That informed how we were going to do our business with direct and fair trade. It had to do with biodiversity. We learned that imagine all these heirloom varieties' potentially going extinct, because there was no market for it. We said, "Oh my goodness, we're only going to do heirloom varieties to help perpetuate the biodiversity of rice. Number three, going in from learning about conventional farming versus organic farming, so it's a very organic process for us too, whereas the deeper we got into the subject, meaning rice, and creating markets for rice, and the whole food industry, the more it informed us how important it was to change this food system, and how we were going to inform our business.

Dan: That is so interesting. I talked to a lot of people about focus groups. I'm sure you've probably used them in your business before, but a focus group is where you bring a lot of people in a room. You ask for their opinion, and frequently hear what they think you want them to tell you, but here, you're actually going out in the field rolling up your sleeves, and actually doing the work. What I find interesting and really inspiring about this is that you're able to step back, and see a problem coming from the outside looking in, and then work to come up with a solution, so I applaud you for doing that.

Let me back up a little bit. Black rice versus white rice, could you explain a little bit more about that, and why that matters, why it's different, what's unique about it, and what should people come away with? Where I'm going with that also is that you're talking about the taste, the texture, et cetera. Most people, I don't know if they're really aware of what black rice is.

Caryl: A great question, Daniel. First of all, Lotus Foods, we were the pioneers in what we're calling pigmented rices. Most people know pigmented rice or a whole grain rice as brown rice, so there was always white rice and brown rice. What we did at Lotus Foods, we introduced red rice and black rice. Brown rice means that the bran layer of the rice is still intact. That's where all the nutrients are. White rice, basically, they mill. They rub off that bran layer, and white rice is usually just like white bread, back in the Marie Antoinette days, was always the preferred bread. Brown bread was peasant bread.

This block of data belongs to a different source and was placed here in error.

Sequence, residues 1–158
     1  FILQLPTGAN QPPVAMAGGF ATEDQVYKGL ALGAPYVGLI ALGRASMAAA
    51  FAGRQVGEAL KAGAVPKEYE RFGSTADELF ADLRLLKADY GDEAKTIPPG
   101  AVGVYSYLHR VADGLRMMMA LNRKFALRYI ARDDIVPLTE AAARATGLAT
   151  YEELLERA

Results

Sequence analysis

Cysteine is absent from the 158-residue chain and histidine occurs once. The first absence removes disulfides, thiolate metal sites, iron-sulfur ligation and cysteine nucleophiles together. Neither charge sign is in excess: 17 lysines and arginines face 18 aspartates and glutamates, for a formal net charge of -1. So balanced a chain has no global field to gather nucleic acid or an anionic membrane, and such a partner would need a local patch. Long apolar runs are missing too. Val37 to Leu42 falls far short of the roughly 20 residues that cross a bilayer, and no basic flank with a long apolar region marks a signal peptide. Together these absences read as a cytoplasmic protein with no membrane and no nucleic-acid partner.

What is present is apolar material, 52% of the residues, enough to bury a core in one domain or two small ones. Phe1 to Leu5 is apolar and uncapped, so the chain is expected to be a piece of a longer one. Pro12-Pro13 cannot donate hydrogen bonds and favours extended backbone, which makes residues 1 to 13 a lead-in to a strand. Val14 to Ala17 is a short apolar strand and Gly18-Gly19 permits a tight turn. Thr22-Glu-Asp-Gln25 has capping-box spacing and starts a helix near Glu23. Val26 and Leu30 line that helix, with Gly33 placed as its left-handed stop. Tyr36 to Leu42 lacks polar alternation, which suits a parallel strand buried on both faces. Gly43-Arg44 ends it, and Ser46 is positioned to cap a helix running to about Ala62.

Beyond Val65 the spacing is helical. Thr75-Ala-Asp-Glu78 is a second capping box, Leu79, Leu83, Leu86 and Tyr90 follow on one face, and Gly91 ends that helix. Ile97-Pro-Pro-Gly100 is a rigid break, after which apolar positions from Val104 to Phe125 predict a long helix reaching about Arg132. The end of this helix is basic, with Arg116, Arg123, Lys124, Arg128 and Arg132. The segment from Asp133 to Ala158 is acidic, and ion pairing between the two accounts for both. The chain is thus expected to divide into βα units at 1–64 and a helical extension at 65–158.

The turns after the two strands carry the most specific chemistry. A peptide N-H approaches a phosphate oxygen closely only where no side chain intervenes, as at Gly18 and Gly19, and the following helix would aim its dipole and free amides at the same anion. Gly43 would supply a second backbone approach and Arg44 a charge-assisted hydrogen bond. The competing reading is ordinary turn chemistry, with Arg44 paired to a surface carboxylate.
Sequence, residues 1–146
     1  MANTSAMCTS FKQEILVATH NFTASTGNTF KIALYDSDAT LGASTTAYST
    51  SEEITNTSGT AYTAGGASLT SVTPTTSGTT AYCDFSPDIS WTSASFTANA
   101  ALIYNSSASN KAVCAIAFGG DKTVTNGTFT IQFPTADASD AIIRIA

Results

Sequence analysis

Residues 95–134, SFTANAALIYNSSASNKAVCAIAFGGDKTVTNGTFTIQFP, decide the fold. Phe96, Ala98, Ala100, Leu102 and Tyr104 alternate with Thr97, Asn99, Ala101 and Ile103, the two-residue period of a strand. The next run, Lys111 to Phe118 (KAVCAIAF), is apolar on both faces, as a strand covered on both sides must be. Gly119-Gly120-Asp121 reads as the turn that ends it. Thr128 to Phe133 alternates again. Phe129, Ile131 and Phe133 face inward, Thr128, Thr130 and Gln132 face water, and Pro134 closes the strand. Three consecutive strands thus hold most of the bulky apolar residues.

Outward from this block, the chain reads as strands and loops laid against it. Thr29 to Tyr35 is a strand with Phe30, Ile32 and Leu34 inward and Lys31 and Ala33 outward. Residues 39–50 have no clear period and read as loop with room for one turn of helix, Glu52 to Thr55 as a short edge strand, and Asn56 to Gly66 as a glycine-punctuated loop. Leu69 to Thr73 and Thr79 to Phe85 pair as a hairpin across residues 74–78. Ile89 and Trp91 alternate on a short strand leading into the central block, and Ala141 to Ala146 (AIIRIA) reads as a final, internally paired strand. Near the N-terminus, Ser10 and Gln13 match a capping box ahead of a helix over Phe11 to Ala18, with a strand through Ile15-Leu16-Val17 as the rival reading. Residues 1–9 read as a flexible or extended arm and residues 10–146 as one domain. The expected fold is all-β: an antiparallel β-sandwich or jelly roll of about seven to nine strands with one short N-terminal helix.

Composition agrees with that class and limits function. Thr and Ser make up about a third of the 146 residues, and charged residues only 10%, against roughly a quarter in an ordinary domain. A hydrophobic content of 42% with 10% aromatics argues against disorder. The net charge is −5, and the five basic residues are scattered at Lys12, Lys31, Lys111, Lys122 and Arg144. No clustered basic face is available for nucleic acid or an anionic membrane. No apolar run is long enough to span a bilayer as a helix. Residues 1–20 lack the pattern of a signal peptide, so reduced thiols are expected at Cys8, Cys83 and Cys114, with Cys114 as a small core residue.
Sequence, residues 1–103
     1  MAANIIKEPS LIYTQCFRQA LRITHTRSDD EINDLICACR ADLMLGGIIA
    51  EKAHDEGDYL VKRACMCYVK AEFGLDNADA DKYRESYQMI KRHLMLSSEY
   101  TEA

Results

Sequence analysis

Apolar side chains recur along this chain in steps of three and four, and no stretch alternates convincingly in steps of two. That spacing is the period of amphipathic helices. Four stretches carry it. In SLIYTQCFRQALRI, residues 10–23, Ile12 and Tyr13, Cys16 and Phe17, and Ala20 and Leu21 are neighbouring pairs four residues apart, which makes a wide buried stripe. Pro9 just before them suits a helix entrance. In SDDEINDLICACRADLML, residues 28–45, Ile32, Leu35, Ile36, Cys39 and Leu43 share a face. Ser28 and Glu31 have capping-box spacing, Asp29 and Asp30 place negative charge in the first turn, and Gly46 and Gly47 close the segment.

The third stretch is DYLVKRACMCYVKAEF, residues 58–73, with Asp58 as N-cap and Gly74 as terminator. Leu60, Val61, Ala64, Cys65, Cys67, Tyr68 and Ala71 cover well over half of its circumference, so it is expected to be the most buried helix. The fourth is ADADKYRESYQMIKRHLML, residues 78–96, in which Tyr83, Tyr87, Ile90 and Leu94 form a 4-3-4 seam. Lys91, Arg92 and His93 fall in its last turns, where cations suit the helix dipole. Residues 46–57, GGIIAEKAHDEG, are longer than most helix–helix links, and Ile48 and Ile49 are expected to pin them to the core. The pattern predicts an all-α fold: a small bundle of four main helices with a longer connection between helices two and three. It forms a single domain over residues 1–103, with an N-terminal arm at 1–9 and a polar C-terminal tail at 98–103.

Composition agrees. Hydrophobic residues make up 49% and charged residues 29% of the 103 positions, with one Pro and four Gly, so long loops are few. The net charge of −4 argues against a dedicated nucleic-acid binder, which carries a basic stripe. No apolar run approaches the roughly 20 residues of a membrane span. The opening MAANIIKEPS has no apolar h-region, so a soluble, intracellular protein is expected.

The refined bread or the refined grains were more of the elite grains. Then it took for us here in the U.S., the 60s', the Hippie Movement, and the macrobiotic movement to show us that, "Wow, we weren't getting the nutrition of the whole grains," and that is where you started the brown rice. What we did at Lotus Foods, we went one step beyond that, and that red rice and black rice have something called anthocyanins. These are the phytonutrients, the antioxidants that are inherent in the pigment that are actually really the dietary fiber, and the life sustaining proteins. It's interesting. One would think, the darker the grain, the more antioxidants, but actually, it's the red rice that actually has something called proanthocyanins in it.

That even makes it more nutritious than even the black rice with the anthocyanins. It's fascinating. There's a lot of research done by some of the universities like Arkansas that actually backs up this research, backs up these figures.

Dan: That is fascinating. I had no idea, so let me ask you, what typically happens when people remove the outer husk? Do they just throw it away? Does it just get discarded?

Caryl: No. Again, most farmers are very holistic. They understand holistic farming management living systems way more than we do. Every single part of an animal or a plant gets to be used, so basically, the fiber basically is used for animal feed. The bran, actually, in this country, that's where they sometimes make rice bran, or there's great uses for the husk.